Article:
A recent thread on CF-Talk brought up this very good topic. It deals with the performance hit you can get when SQL Server implicitly converts your data to nchar and nvarchar for you when you have enabled Unicode support in your data sources. Unicode text cannot be stored in normal char or varchar fields. It must use nchar or nvarchar. These data types use two bytes per character, which means you can only store half as much text in them (limit 4,400 instead of 8,800). The problem is two fold:
  1. SQL Server cannot directly compare a varchar and nvarchar value so it must convert one.
  2. String manipulation or conversion on an indexed column will render the index useless

Prepare to be converted

When it comes to comparing a varchar and nvarchar, the lowest common denominator must be found. An nvarchar cannot be converted to a varchar because data would potentially be lost. Therefore, the varchar must be converted to an nvarchar. If you have a table with a char or varchar column and you wish to compare it to an nvarchar, every row in the table will need to be converted first before it can be compared to your value.

What index?

Indexes on a table effectively store a copy of the data in that column (or those columns) in a pre-sorted fashion that makes it easy to find. Imagine if you kept a separate address book sorted by middle name in case you wanted to quickly find any friend with "Fred" as a middle name.
[code]SELECT *
FROM addresses
WHERE middle_name = 'Fred'
Your pre-sorted index on middle name would make this easy. You can skip straight to the F's, then back to the Fr's etc. Now, imagine you wanted to find all friends who had the letter "u" as the third letter in their middle name:
[code]SELECT *
FROM addresses
WHERE substring(middle_name,3,1) = 'u'
Now, your address book sorted by middle name isn't really useful anymore. You pretty much have to go through every record in pull out the third character of every middle name. This is basically what can happen if you are selecting against a char or varchar column in your database with a Unicode value in an nchar or nvarchar variable since every value in the table must be converted before it can be compared. Let's look at this in action.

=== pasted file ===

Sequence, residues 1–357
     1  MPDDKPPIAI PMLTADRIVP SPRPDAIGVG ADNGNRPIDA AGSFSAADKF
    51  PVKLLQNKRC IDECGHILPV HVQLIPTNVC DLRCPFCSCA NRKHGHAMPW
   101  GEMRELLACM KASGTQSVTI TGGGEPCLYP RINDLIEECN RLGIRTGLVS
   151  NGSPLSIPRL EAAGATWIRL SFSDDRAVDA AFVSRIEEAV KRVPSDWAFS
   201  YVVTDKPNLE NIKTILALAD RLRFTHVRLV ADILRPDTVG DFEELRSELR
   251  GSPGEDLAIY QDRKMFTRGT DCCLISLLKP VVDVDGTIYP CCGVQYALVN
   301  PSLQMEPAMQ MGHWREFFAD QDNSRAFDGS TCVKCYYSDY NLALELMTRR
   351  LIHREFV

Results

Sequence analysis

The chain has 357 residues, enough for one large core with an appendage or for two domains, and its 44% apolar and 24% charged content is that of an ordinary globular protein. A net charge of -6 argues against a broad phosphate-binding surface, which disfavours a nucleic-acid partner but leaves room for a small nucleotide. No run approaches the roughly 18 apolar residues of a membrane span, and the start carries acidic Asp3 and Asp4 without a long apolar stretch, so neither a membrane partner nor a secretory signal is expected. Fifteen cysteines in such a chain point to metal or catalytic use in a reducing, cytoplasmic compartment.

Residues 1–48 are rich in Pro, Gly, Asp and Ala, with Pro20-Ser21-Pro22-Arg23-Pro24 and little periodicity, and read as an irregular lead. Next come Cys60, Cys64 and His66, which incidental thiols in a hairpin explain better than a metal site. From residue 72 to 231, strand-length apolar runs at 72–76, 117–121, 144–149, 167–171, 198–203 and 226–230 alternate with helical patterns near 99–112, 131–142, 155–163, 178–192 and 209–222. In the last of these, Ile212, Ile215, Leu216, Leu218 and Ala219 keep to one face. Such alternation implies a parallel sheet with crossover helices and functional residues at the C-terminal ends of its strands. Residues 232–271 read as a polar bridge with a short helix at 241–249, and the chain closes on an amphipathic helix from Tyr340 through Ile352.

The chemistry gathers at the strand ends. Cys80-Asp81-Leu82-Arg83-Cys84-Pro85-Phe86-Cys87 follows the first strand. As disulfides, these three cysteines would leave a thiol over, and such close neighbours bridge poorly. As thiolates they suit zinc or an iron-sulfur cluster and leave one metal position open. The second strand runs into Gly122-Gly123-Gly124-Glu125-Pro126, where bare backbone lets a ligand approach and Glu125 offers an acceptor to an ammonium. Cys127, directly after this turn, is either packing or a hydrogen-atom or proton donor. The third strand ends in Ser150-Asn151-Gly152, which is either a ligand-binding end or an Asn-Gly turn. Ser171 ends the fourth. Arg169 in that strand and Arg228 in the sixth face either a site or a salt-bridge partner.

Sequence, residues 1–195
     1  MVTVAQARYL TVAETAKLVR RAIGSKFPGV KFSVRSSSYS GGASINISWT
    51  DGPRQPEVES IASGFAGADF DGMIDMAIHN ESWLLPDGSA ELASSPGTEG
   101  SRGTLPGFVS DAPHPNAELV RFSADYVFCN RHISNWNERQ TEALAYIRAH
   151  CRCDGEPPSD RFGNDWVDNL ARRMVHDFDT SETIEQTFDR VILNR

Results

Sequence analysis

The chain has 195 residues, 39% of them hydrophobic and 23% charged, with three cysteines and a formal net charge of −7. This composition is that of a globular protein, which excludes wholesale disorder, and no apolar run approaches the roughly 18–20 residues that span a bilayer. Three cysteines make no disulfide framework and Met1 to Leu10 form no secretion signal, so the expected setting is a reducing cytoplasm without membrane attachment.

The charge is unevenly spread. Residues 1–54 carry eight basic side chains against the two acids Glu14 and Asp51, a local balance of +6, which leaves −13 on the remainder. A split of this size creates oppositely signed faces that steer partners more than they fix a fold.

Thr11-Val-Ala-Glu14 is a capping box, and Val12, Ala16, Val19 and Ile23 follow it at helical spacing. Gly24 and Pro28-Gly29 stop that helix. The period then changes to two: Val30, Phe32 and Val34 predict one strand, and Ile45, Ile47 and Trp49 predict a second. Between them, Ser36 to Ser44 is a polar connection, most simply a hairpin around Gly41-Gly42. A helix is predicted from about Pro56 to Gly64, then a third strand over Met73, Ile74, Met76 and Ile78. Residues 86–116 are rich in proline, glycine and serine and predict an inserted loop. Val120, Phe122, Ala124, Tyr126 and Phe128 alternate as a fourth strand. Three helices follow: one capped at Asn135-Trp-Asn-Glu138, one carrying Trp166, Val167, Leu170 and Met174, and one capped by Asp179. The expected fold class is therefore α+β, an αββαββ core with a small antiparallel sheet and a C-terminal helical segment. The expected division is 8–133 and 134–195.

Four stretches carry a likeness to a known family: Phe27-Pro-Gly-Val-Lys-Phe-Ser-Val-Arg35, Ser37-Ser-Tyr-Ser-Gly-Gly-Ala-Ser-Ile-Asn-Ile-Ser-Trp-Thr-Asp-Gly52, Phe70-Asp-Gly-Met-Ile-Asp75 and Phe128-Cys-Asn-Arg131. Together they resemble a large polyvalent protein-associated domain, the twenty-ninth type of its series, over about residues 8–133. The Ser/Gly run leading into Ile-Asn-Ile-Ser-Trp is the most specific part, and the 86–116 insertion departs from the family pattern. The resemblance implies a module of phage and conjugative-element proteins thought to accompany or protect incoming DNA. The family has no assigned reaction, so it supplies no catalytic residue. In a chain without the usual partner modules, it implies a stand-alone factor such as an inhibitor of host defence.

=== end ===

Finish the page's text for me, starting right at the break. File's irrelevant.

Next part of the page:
If you have SQL Server 2005, Open up a New Query window Management Studio and paste in the following code:
(myvarchar  varchar(50) PRIMARY KEY)

DECLARE @myparam AS varchar(50)

INSERT INTO @tmp VALUES ('test')
SET @myparam = 'test'

FROM @tmp
WHERE myvarchar = @myparam
Click on the "Query" menu and choose "Include Actual Execution Plan" and click "Execute". Look at your Execution plan. Since the data types between the myvarchar column and the @myparam value matched, you will see a Clustered Index Seek was used and the predicate was
myvarchar = [@myparam] Now, change @myparam to an nvarchar like so:
[code]DECLARE @myparam AS nvarchar(50)[/code]
Run again and look at the execution plan. First you will see we have changed to a "Clustered Index Scan" and the predicate for our select is:
CONVERT_IMPLICIT(nvarchar(50),[myvarchar],0)=[@myparam] SQL Server implicitly converted every value in the myvarchar column to an nvarchar for us. In our quaint little example, the performance difference between both is negligible, but imagine a table with a few million records. The difference between an Index Seek and an Index Scan can go from milliseconds to minutes. As far as the fix goes, I'm not positive on this, but I think you may need to create two data sources-- one that uses Unicode format strings, and another that doesn't and use the appropriate data source based on the table you are hitting. Of course, if your app really uses Unicode strings, your database tables should probably already be nvarchars anyway. Also permissible, is to cast your nvarchar into a new variable of type varchar prior to running the select. Just make sure you aren't going to lose any data though.